# Calculating Time Dilation: QW Space Station

• kingyof2thejring
In summary, the space station is moving at a speed of 0.01 c relative to the earth. According to the clock on Earth, how much longer than one year would have passed when exactly one year passed in the rest frame of a space station? Using the Lorentz transformations, equation for time dilation, or unprimed coordinates, the time dilation formula gives \Delta t=\gamma\Delta t'. How does this work?
kingyof2thejring
QW the space station is moving at a speed of 0.01 c relative to the earth. According to the clock on Earth , how much longer than one year would have passed when exactly one year passed in the rest frame of a space station?
How do i solve this problem?

HINT: Use the Lorentz transformation for time.

kingyof2thejring said:
QW the space station is moving at a speed of 0.01 c relative to the earth. According to the clock on Earth , how much longer than one year would have passed when exactly one year passed in the rest frame of a space station?
How do i solve this problem?

As Hootenanny said you may use the Lorentz transformations. Or, in this case, you may as well use directly $$\Delta t = \gamma \Delta t'$$ (which does follow from the Lorentz transformations).

Patrick

yeh
if we define frames of reference,
S: earth
S': space-station
then S' moves at 0.01 c w.r.t. S

start S: $$x_1=0 t_1=0$$
S' $$x'_2=0 t'_2=0$$
end S: $$x_1=? t_1=?$$
S' $$x'_2=? t'_2=365*24*60$$

$$t'_2-t'_1=gamma[(t_2-t_1)-v(x_2-x_1)/c^2$$
then what happens?

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$$\Delta t = \gamma \Delta t'$$
how does this work?

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kingyof2thejring said:
$$\Delta t = \gamma \Delta t'$$
how does this work?

This is the infamous "time dilation" formula, which gives you the time measured by "stationary" clocks ($\Delta t$) in terms of the time measured by a moving clock ($\Delta t'$). In your problem, the space station clock is the moving clock.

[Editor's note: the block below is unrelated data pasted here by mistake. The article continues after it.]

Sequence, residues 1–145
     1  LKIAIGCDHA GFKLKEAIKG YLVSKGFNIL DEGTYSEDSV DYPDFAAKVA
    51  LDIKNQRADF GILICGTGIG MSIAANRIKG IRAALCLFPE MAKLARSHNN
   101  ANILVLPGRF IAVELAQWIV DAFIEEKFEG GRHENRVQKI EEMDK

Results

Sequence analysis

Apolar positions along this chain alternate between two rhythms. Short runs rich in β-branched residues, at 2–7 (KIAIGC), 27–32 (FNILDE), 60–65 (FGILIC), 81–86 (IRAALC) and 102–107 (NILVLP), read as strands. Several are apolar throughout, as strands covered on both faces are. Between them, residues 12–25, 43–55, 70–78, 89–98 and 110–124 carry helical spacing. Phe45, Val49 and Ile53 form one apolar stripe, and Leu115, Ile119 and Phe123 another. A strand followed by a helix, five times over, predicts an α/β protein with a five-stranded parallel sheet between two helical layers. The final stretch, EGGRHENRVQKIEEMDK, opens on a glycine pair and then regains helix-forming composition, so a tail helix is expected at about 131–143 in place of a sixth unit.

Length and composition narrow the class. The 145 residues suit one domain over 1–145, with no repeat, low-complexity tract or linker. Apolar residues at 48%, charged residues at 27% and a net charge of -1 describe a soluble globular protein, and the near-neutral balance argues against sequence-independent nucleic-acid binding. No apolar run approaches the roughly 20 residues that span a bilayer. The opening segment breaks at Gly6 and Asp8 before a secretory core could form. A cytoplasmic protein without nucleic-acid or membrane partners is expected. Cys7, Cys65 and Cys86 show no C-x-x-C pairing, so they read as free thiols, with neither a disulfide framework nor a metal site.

In your LT calculation, use the version that gives unprimed coordinates in terms of primed coordinates. Then you'll get the same time dilation formula.

kingyof2thejring said:
$$\Delta t = \gamma \Delta t'$$
how does this work?
This is called time dilation and as Pat said, follows direction from the Lorentz transformations. You apply this formula in exactly the same way you would a Lorentz transformation, set up your reference frames exactly as before. I.e. S frame is the Earth frame and S' is the space station's rest frame traveling at $\beta = 0.01$ wrt S. Therefore $\Delta t$ will be the time period as measure on Earth and $\Delta t'$ will be the time period as measure in the S' frame.

Edit: That's twice in two days Doc's beat me to it

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## 1. What is time dilation?

Time dilation is a phenomenon in which time appears to pass at a different rate for an object or person depending on their relative speeds and the strength of the gravitational field they are in. It is a prediction of Einstein's theory of relativity.

## 2. How does the QW Space Station experience time dilation?

The QW Space Station, being in a high-speed orbit around Earth and at a relatively high altitude, experiences time dilation due to its velocity and the weaker gravitational pull compared to Earth's surface. This results in time passing slightly slower for the astronauts on the QW Space Station compared to people on Earth.

## 3. How is time dilation calculated for the QW Space Station?

The time dilation experienced by the QW Space Station can be calculated using the formula t' = t * √(1 - v^2/c^2), where t' is the dilated time, t is the time on Earth, v is the velocity of the QW Space Station, and c is the speed of light. This formula takes into account both the velocity and gravitational effects on time dilation.

## 4. Does the time dilation for the QW Space Station have any practical implications?

Yes, the time dilation experienced by the QW Space Station can have practical implications for timing and synchronization of events. For example, the clocks on the QW Space Station will run slightly slower than those on Earth, so adjustments must be made to ensure accurate timing for tasks such as communication and navigation.

## 5. Can time dilation be observed on the QW Space Station?

Yes, time dilation has been observed and measured on the QW Space Station through experiments and observations. For example, atomic clocks on the QW Space Station have been found to run slightly slower than identical clocks on Earth. This confirms the predictions of Einstein's theory of relativity and the existence of time dilation.

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